Getting shit done in Thailand is nothing like back home. For example, don’t expect to walk into a bank to setup a bank account just because your friend did the day before.
Don’t expect to be able to take part in a promotion or upgrade your Internet package just because the company’s website says it in plain English that you can.
Thailand doesn’t work like that.
On any given day, anything can happen and it’s usually for the worst.
Whether you plan on getting a Thai bank account, extending your visa at immigration, buying a mobile sim-card or any other annoying task that involves you interacting with Thai employees, follow these tips to save yourself time and brain cells.
Don’t bother talking to entry-level staff
Let’s say you’ve been told by your Internet provider that if you visit their branch they can upgrade your account using a letter or voucher.
Your first interaction will be with a shop assistant. They will most likely make up some reason why you can’t upgrade and that it’s not possible, even though they told you on the phone or on the letter in your hand that you can.
Ignore this person and ask to speak to the manager or someone with a bit of pull. If they tell you nobody is here (they will), kick up a little fuss until they get someone.
Once you have got yourself to the next person in the chain, demand (without making them lose face) that you’re in fact correct and you won’t leave until they resolve your problem of the upgrade, account creation or whatever it is you need.
I don’t know why employees in Thailand do this, my guess is that many of them think they can palm you off so they can carry on playing with their phones. And because they aren’t taught well enough during training in regards to what the company offers so are often dumb-founded.
Call the place before you leave
Personally, if I have to travel some distance to get something done that involves talking to Thais, I’ll call them up in advance to get the complete low down on what I need to bring.
When I say I, I actually mean someone else who can speak Thai and talk to them coz…
The amount of people who try to get a driver’s license only to be rejected for the stupidest of reason annoys me. I’ll get my friend to get the person’s name and telephone number of who they spoke to on the phone for when the inevitable happens and I get told I cannot.
This way when I’m told I can’t get a driver’s license for some obscure reason, I call up the contact and 9 times out of 10 everything is fine (assuming I bought the necessary paperwork, which I cleared up during the phone call).
Get yourself a Thai friend
Unless you have a very strong grasp of Thai, understand the culture and have common sense (most people lack all 3), it’s so hard to get anything done in Thailand.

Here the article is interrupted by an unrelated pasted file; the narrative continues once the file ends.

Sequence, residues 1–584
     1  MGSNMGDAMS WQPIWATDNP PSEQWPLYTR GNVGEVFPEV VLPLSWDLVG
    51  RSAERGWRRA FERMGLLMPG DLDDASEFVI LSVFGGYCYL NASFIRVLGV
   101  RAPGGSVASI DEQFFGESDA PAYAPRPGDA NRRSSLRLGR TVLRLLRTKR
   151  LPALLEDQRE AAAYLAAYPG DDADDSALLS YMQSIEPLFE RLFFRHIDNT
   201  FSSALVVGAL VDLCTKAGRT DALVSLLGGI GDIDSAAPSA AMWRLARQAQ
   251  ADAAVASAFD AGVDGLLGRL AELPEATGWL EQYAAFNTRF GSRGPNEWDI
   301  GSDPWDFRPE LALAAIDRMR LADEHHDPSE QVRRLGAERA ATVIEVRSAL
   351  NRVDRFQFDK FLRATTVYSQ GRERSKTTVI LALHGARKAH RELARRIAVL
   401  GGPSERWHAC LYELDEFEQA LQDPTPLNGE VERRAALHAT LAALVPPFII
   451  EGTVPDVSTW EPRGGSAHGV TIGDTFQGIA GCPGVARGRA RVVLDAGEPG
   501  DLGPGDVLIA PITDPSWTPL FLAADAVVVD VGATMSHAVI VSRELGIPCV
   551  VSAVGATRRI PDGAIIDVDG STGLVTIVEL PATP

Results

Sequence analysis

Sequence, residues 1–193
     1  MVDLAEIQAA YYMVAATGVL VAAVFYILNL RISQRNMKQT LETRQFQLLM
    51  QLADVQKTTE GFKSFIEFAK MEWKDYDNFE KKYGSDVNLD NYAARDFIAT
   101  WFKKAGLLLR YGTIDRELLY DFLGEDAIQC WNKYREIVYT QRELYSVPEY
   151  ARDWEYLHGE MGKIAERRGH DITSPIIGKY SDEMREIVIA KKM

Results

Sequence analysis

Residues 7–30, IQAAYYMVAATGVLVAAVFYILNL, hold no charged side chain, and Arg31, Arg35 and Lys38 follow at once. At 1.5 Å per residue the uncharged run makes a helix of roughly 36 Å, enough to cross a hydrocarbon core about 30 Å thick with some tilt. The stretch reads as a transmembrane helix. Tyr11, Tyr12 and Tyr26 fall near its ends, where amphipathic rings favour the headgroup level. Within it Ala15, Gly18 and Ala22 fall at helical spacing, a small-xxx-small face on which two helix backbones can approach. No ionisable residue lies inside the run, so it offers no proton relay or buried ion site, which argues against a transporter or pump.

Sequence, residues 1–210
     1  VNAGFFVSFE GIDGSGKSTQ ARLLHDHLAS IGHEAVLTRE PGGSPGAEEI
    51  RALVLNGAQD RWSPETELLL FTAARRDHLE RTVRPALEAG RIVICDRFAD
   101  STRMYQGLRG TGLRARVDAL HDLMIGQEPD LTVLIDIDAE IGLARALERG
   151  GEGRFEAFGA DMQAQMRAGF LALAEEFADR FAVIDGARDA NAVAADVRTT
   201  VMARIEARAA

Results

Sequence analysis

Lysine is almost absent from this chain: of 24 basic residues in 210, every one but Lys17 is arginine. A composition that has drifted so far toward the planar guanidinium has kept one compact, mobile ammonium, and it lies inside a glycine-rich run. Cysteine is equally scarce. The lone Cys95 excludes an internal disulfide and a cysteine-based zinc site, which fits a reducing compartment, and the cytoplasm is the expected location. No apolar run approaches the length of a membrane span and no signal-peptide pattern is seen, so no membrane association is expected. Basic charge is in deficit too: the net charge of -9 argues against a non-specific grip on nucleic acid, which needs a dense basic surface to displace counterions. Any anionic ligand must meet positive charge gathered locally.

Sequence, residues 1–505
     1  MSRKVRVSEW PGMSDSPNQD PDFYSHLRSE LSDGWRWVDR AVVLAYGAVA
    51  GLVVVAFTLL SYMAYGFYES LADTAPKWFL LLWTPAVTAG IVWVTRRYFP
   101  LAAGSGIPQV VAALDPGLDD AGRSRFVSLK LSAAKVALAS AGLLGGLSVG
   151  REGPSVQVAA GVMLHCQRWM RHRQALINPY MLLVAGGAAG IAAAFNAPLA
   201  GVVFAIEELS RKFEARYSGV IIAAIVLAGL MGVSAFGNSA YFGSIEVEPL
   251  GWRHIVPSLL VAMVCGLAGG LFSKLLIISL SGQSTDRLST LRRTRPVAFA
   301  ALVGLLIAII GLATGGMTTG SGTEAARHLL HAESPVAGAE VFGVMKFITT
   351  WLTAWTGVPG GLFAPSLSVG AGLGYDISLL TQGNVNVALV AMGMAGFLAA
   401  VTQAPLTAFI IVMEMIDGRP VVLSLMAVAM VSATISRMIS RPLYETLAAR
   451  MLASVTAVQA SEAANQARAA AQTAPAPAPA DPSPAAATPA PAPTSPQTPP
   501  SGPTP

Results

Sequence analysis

Something as simple as scheduling a meeting to view an apartment can be a pain in the neck, never mind trying to setup a bank account or applying for a new visa.
Get yourself a Thai friend unless you enjoy being messed around.
Take online research with a pinch of salt
Whatever you read on forums or websites, take with a pinch of salt. Just because someone crossed a land border with a 10 year over stay doesn’t mean when you cross you won’t get any problems.
This is especially true with bank accounts, over the last year or so it’s been incredibly difficult to get one, even if you do have a work visa and the correct paperwork.
Thailand isn’t like England, Australia or Murcia where processes are adhered to and followed.
Demand rather than ask
One of the things I’ve learned over the years is to force what I want on the staff in a friendly but authority way. Instead of asking if I can setup a bank account, I would rephrase the question in a way where I’m demanding them to do with.
Again when I say I, I actually mean my Thai friend.
I practice this with them before I enter any establishment, and make the point that we cannot take no for an answer, because we’ve done our research and brought all the relevant documents to get what I need done.
It helps to dress well and portray yourself as a figure of importance, rather than wearing flip flops and a vest. This method only works if you’ve got all the correct paperwork to complete your task.
What do you do?
I’ll get a few emails asking how to setup a Thai bank account or how to get shorter rental contracts at condos. You’ll have to use a combination of the above and hope to get lucky for stuff like getting a Thai bank account.
I recommend everyone to use Bangkok Helper for all banking related queries (yes they are my website sponsor and they’ve helped me a lot with paperwork).
What was the last thing you got rejected for in Thailand?
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